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'Ripple' is the New Bitcoin: Adventures in Virtual Currency

NEW YORK (MainStreet) — You missed the Bitcoin train, admit it. By the time that virtual currency hit the front pages, it already was as out as Linden Dollars -- and you don't even remember what those are. Which is why there now is one word for you: Ripple.

Call Ripple the next act for virtual currencies - machine determined value that operates without nation state backing - and know that various venture capital plungers have taken flyers on Ripple, including Google Ventures and Andreessen Horowitz, both Class A heavyweights in Silicon Valley funding.

The reason: Virtual currency pioneer Bitcoin has become mired in bad publicity. U.S. government seizures, alleged links to money laundering and drug deals, persistent rumors that mainline banks are shutting customer accounts that have links to Bitcoin are triggering anxiety.

Into that discordant din comes fresh faced Ripple which currently claims around 27,000 accounts, according to spokeswoman Monica Long, who added that there have been about 2 million transactions on the Ripple network.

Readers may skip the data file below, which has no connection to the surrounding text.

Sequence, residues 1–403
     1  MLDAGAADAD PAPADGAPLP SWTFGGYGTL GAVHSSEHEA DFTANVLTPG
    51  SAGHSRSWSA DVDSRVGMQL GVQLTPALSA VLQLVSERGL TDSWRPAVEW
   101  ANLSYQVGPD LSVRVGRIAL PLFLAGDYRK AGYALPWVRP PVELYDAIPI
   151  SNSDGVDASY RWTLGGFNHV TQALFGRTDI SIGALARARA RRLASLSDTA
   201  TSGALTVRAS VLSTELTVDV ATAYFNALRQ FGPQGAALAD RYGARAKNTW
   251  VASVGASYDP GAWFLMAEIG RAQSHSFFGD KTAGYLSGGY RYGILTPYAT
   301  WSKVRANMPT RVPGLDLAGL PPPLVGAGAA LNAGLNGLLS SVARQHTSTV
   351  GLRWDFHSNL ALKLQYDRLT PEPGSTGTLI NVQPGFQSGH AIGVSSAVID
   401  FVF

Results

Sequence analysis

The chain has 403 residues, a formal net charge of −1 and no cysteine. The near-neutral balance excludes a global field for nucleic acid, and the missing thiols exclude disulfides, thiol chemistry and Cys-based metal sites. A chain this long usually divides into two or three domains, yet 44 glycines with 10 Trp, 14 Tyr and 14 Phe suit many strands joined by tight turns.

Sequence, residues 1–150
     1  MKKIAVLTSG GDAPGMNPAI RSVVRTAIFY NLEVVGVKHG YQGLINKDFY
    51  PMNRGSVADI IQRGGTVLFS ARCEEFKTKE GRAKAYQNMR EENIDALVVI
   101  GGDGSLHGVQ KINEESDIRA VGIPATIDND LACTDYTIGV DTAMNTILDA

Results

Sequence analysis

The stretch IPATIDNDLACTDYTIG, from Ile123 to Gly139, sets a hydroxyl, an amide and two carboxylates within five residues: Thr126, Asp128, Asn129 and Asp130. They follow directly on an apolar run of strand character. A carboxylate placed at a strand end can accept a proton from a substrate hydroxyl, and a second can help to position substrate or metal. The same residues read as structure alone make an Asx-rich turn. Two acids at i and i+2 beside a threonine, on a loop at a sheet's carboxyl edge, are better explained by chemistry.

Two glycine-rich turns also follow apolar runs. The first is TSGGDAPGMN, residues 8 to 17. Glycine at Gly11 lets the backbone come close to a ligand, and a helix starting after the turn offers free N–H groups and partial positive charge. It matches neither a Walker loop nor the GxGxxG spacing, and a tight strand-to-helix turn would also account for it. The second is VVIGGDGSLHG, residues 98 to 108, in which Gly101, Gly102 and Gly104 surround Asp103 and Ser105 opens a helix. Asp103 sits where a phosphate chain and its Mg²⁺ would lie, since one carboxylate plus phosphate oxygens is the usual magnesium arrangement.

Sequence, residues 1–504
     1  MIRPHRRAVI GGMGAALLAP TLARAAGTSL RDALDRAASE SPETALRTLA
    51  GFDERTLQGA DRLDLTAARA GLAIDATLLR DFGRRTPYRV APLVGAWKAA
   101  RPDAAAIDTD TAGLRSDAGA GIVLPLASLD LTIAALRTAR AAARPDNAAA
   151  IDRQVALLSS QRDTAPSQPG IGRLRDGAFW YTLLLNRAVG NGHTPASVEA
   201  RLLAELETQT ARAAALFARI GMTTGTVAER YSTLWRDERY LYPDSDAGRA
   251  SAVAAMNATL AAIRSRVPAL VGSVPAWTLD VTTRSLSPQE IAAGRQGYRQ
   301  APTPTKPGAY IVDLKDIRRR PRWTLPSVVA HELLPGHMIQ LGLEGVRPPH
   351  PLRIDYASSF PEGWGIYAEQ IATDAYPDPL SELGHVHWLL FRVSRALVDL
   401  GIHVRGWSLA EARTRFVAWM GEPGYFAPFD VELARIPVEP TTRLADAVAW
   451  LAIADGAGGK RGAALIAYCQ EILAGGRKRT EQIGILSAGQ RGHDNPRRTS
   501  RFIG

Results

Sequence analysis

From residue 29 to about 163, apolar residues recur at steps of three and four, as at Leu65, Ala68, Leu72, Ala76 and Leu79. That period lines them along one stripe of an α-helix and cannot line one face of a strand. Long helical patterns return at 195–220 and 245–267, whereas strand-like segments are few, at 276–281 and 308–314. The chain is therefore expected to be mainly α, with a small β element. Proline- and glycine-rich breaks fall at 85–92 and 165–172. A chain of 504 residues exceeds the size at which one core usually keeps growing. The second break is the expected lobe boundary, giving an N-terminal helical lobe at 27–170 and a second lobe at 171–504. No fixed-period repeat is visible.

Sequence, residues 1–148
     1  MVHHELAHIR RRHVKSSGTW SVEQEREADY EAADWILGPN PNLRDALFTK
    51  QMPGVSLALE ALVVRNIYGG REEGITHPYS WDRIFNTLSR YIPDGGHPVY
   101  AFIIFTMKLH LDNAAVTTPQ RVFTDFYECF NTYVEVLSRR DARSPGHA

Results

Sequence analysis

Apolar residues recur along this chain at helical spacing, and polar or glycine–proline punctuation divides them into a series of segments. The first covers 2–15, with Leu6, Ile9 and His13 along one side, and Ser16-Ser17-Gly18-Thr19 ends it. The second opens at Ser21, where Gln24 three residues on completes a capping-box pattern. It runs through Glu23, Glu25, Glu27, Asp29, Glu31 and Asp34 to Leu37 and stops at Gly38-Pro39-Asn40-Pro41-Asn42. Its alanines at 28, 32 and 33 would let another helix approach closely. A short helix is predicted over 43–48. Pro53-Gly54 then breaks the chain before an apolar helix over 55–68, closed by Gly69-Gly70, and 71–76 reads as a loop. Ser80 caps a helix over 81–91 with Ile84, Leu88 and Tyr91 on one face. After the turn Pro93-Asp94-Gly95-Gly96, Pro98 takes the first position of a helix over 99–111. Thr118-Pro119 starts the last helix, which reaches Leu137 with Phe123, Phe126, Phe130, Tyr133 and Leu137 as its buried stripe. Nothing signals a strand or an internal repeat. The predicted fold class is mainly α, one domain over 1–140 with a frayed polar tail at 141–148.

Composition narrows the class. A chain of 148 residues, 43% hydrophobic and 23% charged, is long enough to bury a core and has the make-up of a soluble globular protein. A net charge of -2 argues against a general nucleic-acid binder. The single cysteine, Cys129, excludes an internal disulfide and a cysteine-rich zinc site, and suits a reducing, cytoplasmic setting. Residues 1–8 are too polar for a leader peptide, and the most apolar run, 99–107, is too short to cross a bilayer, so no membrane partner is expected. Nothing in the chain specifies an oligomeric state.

There probably are $2 million dollar currency transactions in the time it takes you to read this sentence.

But exactly that newness is key to the Ripple attraction.

Tune into what was said at the first Ripple Developers Conference, held in mid October in Las Vegas. Ripple Labs CEO Chris Larsen explained that there has been "an erosion of trust in political currencies" and this has paved the path for a math derived currency that echoes the Internet.

Larsen explained: "The word is connected through an information web, the Internet. That doesn't apply to payments. This is what Ripple focuses on. Ripple is a payments platform without the need for a central bank. This lets us trade value the way we send information."

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